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Emilio Kourí’s main scholarly interest is the social and economic history of rural Mexico and Latin America. He is an associate professor of history and the director of the Katz Center for Mexican Studies at the University of Chicago. His book A Pueblo Divided: Business, Property, and Community in Papantla, Mexico (Stanford University Press, 2004) received the 2005 Bolton-Johnson Prize from the Conference on Latin American History and the 2005 Erminie Wheeler-Voegelin Prize (honorable mention) from the American Society for Ethnohistory.
At Radcliffe, Kourí will work on a book about the idea of the Indian pueblo in nineteenth- and twentieth-century Mexican thought, law, and political discourse. Using modern Mexico as a case study, he will examine the origins and evolution of two deeply entrenched ideas about the character of indigenous communal organization: that harmony and cohesion are defining features of Indian village social relations and that communal land tenure is the natural expression of this inherent cultural solidarity. In part one, an intellectual history, he will trace the philosophical assumptions underpinning the analysis of native communities in early sociology and anthropology. In part two, an archive-based sociopolitical history, he will describe how these assumptions shaped twentieth-century Mexican social thought, agrarian reform, and Indian policy.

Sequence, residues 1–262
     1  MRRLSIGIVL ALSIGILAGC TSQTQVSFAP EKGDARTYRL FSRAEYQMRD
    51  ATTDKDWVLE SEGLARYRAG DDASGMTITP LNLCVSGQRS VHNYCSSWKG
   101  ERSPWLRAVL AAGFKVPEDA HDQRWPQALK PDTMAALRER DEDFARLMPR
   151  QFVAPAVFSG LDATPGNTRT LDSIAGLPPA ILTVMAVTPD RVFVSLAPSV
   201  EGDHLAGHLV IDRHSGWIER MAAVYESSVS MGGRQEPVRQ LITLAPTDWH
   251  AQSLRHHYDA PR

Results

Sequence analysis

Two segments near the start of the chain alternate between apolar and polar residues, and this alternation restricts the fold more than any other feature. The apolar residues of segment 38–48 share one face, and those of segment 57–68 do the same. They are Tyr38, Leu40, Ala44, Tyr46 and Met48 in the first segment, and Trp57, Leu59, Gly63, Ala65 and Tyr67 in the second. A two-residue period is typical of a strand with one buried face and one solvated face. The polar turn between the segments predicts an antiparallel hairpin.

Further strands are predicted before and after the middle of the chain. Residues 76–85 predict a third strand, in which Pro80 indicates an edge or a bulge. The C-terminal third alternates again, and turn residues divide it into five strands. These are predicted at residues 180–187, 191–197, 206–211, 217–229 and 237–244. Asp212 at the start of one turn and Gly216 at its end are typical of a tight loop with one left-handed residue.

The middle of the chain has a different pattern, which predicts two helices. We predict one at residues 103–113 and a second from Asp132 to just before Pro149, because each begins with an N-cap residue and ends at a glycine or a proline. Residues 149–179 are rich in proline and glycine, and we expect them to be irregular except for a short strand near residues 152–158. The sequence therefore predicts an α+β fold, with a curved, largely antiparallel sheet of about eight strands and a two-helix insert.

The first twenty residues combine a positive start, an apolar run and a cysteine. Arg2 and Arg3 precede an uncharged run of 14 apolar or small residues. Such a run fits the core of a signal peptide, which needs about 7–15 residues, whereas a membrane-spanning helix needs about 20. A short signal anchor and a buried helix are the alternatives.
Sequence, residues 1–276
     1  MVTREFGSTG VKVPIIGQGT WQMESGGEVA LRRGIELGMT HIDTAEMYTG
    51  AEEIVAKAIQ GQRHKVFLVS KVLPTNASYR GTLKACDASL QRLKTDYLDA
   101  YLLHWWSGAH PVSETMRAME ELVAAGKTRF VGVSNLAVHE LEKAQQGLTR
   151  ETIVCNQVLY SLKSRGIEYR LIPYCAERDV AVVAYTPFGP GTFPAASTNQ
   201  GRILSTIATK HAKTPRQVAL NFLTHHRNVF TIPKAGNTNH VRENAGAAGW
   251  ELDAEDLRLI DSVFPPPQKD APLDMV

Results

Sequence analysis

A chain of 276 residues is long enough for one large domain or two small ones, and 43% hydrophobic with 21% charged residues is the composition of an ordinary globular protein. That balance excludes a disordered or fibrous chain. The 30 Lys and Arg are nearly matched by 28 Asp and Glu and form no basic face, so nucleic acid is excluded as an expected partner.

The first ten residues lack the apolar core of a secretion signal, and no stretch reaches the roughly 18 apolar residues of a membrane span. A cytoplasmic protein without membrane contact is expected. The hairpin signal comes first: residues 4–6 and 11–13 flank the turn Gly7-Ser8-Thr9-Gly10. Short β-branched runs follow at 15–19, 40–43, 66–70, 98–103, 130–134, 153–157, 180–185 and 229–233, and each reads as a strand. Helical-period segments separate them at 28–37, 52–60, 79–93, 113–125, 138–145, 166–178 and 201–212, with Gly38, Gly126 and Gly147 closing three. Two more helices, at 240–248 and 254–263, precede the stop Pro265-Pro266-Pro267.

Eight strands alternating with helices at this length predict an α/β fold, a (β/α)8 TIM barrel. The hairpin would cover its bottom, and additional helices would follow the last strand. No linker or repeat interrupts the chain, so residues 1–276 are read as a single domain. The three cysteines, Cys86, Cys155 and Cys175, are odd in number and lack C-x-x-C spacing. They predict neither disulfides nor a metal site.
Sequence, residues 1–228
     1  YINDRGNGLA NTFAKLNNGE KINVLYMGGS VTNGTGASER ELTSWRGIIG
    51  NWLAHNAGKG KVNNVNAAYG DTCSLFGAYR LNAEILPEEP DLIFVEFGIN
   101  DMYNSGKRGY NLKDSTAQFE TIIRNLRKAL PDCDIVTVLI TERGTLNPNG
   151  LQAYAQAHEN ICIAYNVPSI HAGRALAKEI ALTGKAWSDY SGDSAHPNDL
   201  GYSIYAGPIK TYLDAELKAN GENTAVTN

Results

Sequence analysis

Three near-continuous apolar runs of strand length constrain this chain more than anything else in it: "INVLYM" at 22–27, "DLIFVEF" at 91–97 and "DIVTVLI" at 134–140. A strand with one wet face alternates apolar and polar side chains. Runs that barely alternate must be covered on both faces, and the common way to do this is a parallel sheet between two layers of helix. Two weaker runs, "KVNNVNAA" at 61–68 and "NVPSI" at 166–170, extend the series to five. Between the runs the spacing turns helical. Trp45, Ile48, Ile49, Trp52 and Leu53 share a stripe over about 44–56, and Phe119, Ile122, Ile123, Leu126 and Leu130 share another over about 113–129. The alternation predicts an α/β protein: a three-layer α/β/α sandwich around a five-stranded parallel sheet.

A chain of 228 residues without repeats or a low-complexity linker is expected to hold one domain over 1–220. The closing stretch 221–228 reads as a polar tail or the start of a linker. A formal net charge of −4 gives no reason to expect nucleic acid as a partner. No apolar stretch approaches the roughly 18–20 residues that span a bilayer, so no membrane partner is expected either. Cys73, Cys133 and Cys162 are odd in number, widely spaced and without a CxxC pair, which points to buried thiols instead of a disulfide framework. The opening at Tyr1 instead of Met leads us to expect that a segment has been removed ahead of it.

Kourí earned his AB in philosophy and his PhD in history from Harvard University. He has received fellowships from the Fulbright Program and the American Council of Learned Societies.